Treatment of Endometriosis-Associated Pain with Elagolix, an Oral GnRH Antagonist

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SCIENCE
Treatment of Endometriosis-Associated Pain with Elagolix, an Oral GnRH Antagonist
Key Take-Away: 

Endometriosis is a chronic condition that induces dysmenorrhea, pelvic pain and infertility resulting in reduced quality of life in reproductive years of women. This double-blind, randomised study focuses on determining the dose-dependent effect of elagolix and establishes that both higher and lower dose of elagolix is effective in reducing dysmenorrhea pelvic pain in women with endometriosis.

Endometriosis is a chronic, estrogen-dependent condition that causes dysmenorrhea and pelvic pain. Elagolix, an oral, nonpeptide, gonadotropin-releasing hormone (GnRH) antagonist, produced partial to nearly full estrogen suppression in previous studies.

ABSTRACT: 
Background: 

Endometriosis is a chronic, estrogen-dependent condition that causes dysmenorrhea and pelvic pain. Elagolix, an oral, nonpeptide,

gonadotropin-releasing hormone (GnRH) antagonist, produced partial to nearly full estrogen suppression in previous studies.

Methods: 

Two similar, double-blind, randomized, 6-month phase 3 trials (Elaris Endometriosis I and II [EM-I and EM-II]) were carried out to evaluate the effects of two doses of elagolix — 150 mg once daily (lower-dose group) and 200 mg twice daily (higher-dose group) —

as compared with placebo in women with surgically diagnosed endometriosis and moderate or severe endometriosis-associated pain. The two primary efficacy endpoints were the proportion of women who had a clinical response with respect to dysmenorrhea and the proportion who had a clinical response with respect to non-menstrual pelvic pain at 3 months. Each of these endpoints was measured as a clinically meaningful reduction in the pain score and a decreased or stable use of rescue analgesic agents, as recorded in a daily electronic diary.

Results: 

A total of 872 women underwent randomization in Elaris EM-I and 817 in Elaris EM-II; of these women, 653 (74.9%) and 632 (77.4%), respectively, completed the intervention. At 3 months, a significantly greater proportion of women who received each elagolix dose met the clinical response criteria for the two primary endpoints than did those who received placebo.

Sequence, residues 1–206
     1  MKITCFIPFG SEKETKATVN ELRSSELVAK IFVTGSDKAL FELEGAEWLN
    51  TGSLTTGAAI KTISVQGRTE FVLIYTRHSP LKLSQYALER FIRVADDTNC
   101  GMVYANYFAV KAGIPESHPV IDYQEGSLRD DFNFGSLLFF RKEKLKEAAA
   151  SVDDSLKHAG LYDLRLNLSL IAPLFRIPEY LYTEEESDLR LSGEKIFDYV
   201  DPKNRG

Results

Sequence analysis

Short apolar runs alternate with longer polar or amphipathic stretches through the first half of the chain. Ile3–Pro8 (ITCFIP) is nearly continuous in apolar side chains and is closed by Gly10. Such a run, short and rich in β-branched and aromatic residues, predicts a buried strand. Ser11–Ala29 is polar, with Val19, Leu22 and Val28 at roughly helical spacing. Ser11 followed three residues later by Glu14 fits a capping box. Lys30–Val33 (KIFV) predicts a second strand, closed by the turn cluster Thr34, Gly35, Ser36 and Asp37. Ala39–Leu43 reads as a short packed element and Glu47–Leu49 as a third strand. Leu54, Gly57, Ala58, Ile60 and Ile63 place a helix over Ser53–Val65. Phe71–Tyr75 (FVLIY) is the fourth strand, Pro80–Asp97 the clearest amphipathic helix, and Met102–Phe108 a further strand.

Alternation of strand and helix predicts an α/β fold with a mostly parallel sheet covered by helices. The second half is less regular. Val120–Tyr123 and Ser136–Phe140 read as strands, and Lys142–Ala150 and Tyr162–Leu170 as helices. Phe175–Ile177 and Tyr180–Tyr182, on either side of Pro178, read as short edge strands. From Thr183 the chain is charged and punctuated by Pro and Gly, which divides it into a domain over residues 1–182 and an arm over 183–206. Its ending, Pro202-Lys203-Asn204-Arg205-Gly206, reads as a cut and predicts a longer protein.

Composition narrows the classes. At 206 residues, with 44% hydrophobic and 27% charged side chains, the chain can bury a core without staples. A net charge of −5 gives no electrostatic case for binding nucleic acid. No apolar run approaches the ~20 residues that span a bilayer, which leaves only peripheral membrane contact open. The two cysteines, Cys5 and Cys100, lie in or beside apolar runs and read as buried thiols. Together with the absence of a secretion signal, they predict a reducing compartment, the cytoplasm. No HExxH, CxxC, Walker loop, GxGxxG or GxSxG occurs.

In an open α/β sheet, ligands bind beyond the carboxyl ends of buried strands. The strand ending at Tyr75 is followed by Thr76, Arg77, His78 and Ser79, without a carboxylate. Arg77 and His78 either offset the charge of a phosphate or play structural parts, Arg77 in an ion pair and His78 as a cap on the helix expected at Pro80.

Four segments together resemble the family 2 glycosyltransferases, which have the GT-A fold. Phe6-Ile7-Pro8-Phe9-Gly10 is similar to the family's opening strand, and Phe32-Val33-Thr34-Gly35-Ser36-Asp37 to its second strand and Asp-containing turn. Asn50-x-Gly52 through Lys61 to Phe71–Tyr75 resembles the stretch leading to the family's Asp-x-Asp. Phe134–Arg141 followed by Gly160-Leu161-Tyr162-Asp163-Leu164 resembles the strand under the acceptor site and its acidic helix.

In Elaris EM-I, the percentage of women who had a clinical response with respect to dysmenorrhea was 46.4% in the lower-dose elagolix group and 75.8% in the higher-dose elagolix group, as compared with 19.6% in the placebo group; in Elaris EM-II, the corresponding percentages were 43.4% and 72.4%, as compared with 22.7% (P<0.001 for all comparisons). In Elaris EM-I, the percentage of women who had a clinical response with respect to nonmenstrual pelvic pain was 50.4% in the lower-dose elagolix group and 54.5% in the higher-dose elagolix group, as compared with 36.5% in the placebo group (P<0.001 for all comparisons); in Elaris EM-II, the corresponding percentages were 49.8% and 57.8%, as compared with 36.5% (P=0.003 and P<0.001, respectively). The responses with respect to dysmenorrhea and nonmenstrual pelvic pain were sustained at 6 months. Women who received elagolix had higher rates of hot flushes (mostly mild or moderate), higher levels of serum lipids, and greater decreases from baseline in bone mineral density than did those who received placebo; there were no adverse endometrial findings.

Conclusion: 

Both higher and lower doses of elagolix were effective in improving dysmenorrhea and nonmenstrual pelvic pain during a 6-month period in women with endometriosis-associated pain. The two doses of elagolix were associated with hypoestrogenic adverse effects.

 

Source:

N Engl J Med. 2017 Jul 6;377(1):28-40

Link to the source:

http://www.nejm.org/doi/full/10.1056/NEJMoa1700089

The original title of the article:

Treatment of Endometriosis-Associated Pain with Elagolix, an Oral GnRH Antagonist

Authors:

 Hugh S et al.

Therapeutic, Elagolix, Endometriosis, Uterus, GnRH Antagonist, Double-Blind, Randomized, 6-Month Phase 3 Trials, Efficacy, Safety, Hypoestrogenic Adverse Effects, Orally
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